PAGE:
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les Enluminures

ANONYMOUS [DEMOULINS, FRANCOIS ?], Le Chapelet des vertus

In French, illuminated manuscript on parchment
[Central France, (Poitou ?), c.1500-1510]

TM 103

70 folios, complete, in irregular quires but text nonetheless complete (collation: i3 [4-1] [first folio of quire cancelled], ii8, iii8, iv6, v7 [8-1], vi8, vii8, viii8, ix8, x6, xi2 [4-2] [last 2 folios were blank]), written in brown ink in a very clear bâtarde script, on up to 19 long lines (justification 105 x 145 mm), rubrics in red, ruled in red, some calligraphic flourishing to letters on top lines extending into upper margin, single-line initials in alternating red or blue with penwork in either brown or red ink for table of contents, chapters opening with 2-line high initials in red or blue with purple or red pen flourishing, LARGE FULL-PAGE ILLUMINATION SET IN ARCHITECTURAL FRAME (f. 3), marginal annotations most often in Latin (some in French), in pale brown ink, usually hardly legible (some erased or deliberately scratched out). Bound in a contemporary full limp vellum binding, smooth spine, traces of gilt edges, some internal staining, but nonetheless generally in sound condition. Dimensions 223 x 170 mm.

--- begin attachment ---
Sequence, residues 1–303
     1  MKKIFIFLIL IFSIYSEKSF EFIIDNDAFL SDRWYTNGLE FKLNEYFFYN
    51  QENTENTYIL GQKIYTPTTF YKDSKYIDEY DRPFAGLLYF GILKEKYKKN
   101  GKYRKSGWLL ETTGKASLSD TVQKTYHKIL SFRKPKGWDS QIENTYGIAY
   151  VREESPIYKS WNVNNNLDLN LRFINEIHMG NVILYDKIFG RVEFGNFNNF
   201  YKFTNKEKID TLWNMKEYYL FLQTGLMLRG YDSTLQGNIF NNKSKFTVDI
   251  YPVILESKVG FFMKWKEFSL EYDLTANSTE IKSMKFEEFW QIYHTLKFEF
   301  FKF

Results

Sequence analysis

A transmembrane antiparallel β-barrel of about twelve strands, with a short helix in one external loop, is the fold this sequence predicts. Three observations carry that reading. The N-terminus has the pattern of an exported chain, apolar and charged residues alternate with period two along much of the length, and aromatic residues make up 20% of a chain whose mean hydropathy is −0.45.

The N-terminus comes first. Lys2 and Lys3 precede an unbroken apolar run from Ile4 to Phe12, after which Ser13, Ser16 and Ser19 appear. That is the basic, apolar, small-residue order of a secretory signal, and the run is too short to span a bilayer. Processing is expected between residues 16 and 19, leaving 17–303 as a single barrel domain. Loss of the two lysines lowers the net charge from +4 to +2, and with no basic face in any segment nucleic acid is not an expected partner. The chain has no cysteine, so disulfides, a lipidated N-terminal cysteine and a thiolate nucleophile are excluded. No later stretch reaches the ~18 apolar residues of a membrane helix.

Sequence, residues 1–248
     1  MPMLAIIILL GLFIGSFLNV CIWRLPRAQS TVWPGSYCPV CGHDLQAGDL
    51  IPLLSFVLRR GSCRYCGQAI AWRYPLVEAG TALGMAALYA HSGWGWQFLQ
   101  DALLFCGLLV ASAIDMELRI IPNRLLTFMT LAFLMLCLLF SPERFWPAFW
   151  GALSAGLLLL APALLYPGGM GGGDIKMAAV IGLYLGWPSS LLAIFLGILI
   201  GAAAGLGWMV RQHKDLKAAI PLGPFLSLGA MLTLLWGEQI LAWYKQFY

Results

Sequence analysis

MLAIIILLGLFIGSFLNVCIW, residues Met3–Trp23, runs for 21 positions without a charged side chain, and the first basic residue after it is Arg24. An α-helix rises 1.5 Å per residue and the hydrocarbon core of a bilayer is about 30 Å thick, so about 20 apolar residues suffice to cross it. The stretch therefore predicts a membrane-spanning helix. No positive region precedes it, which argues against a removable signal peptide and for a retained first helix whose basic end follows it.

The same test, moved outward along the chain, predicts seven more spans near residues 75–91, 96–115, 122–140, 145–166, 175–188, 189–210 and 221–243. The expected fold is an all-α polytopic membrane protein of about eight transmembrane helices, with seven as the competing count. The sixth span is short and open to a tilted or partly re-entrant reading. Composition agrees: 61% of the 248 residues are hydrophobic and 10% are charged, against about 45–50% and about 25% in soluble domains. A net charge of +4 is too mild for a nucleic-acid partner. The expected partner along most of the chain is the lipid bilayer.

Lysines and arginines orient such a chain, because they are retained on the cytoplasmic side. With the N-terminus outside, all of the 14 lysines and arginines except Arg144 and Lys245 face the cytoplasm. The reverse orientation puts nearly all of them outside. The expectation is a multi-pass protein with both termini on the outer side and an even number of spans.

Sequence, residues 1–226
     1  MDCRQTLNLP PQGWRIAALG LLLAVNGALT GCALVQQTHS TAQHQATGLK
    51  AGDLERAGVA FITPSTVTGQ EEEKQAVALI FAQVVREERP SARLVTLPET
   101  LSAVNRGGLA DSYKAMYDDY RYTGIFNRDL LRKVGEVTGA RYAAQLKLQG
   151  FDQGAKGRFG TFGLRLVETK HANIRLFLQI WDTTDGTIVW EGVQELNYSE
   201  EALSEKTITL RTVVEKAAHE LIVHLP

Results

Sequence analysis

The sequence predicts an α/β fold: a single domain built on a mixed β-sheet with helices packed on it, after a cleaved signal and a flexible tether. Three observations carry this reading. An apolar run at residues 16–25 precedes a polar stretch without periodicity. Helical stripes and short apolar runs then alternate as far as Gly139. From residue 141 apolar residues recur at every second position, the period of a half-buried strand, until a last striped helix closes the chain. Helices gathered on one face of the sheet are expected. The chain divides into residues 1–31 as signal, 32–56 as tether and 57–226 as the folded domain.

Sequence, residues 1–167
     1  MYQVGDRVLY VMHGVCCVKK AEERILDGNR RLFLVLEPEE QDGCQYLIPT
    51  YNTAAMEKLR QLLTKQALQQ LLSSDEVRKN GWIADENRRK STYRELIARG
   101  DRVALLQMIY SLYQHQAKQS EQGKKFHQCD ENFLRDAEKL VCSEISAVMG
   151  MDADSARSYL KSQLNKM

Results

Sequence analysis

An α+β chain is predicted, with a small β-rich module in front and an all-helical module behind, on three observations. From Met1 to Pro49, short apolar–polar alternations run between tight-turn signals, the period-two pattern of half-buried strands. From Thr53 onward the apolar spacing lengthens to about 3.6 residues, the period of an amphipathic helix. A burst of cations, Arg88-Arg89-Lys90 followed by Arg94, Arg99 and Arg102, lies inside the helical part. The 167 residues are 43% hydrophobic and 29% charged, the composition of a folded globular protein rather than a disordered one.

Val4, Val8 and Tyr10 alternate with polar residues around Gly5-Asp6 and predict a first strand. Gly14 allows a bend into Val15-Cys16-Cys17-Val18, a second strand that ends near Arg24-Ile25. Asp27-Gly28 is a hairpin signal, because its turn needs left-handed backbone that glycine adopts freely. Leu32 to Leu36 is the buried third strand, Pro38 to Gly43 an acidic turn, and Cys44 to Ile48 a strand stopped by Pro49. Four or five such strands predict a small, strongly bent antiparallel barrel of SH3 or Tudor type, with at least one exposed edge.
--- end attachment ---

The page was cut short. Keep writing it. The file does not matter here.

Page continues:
One of only four extant manuscripts, this one in a contemporary binding, of which only two are illuminated, of a text on the virtues that was printed many times in the incunable period but remains unedited. Conflicting evidence on the author, patron, and date remains to be resolved (is the author Demoulins, the tutor of King Francis I writing for Louise of Savoy?), as does the unusual iconography of the frontispiece miniature. The relationship between the extant manuscripts and the many incunable editions also merits for further study.